If you take the more recommended route and do it by foot the peak offers a wide array of options. There are 5 trailhead options each of which will take you on a unique and varying experience. The most popular route is the Echo Creek Trail and is a 14 mile, class 2 climb with elevation gain of 4,600’. Campgrounds are readily available near and on the mountain for those wanting to embark on an extended trip. You can also pair Mt. Evans with Mt. Bierstadt via the sawtooth ridge which is a class 3 climb at points.
Originally, Mt. Evans was known as Mt. Rosa or Mt. Rosalie named for the wife of author, journalist, and explorer Fitz Hugh Ludlow. Rosalie Osborn was a mere 18 when she married Ludlow and when he died went on to marry his colleague and artist Albert Bierstadt. Mt. Evans is featured in Bierstadts’ famous painting “Storm in the Rocky Mountains”. The summit was first climbed by either Judge Lunt of Colorado Springs in 1872 or by Albert Bierstadt in 1863. The peak was renamed in 1985 by the Colorado legislature after John Evans the second Governor of the Colorado Territory. A unique feature of this historically significant peak is the presence of the second highest telescope in the world at the University of Denver’s Meyer Womble Observatory.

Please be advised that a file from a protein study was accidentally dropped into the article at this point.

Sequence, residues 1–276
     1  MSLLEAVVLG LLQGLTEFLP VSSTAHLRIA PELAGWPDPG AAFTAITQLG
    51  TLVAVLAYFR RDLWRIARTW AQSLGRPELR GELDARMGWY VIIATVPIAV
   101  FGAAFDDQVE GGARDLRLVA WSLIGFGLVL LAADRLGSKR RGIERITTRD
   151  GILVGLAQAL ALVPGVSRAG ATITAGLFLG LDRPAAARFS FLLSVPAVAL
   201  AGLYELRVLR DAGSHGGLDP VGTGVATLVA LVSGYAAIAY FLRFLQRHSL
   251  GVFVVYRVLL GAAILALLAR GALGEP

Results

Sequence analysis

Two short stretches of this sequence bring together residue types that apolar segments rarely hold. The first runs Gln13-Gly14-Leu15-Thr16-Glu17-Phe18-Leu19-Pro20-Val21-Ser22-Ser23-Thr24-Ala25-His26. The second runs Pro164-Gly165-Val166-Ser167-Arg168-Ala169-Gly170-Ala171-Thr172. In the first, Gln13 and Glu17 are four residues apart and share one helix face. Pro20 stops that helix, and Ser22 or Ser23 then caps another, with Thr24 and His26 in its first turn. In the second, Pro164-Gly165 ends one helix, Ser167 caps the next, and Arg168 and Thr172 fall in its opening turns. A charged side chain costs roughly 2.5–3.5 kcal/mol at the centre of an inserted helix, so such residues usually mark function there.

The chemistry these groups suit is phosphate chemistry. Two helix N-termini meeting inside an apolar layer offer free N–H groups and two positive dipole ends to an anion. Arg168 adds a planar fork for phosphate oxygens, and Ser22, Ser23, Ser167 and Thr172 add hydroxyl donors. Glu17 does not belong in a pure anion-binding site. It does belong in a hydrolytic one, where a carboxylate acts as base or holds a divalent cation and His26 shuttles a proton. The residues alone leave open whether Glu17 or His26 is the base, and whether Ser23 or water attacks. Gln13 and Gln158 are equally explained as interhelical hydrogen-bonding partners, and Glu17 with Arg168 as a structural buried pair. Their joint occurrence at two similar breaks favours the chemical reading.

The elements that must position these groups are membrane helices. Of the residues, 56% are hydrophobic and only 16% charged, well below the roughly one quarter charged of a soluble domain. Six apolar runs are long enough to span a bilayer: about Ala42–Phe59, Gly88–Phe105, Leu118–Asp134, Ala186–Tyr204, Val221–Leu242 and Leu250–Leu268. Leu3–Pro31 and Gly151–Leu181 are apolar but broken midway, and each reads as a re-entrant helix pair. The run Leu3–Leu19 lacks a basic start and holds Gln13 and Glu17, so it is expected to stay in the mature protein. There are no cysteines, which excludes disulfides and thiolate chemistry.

15. Longs Peak – 14,255’ – The northernmost and only 14er in Rocky Mountain National Park, Longs Peak is the most popular for climbing in the state. Due to the great popularity of this peak it is common that you will see up to 100 people at the summit at one time, and it can even be dangerously crowded along the trail. With its neighbor Mount Meeker they are often referred to as the twin peaks. The terrain on this peak ranges from smooth and flat to jagged and steep allowing for varying climbs ranging from class 3 to class 5.13! The east face of the mountain is a 900’ granite cliff known as the diamond, which was first conquered by Dave Rearick and Bob Kamps in 1960. The relatively late ascent was due to a ban on climbing the diamond by the Park Service from 1954 to 1958.
Longs Peak was most likely used originally by American Indians to collect Eagle feathers, but the first recorded ascent was in 1868 by American icon in exploration and discovery John Wesley Powell. The peak was named in the 1820’s in honor of Major Stephen Long who is noted for many life achievements including aiding in designs for steam locomotives and exploration of the Great Plains.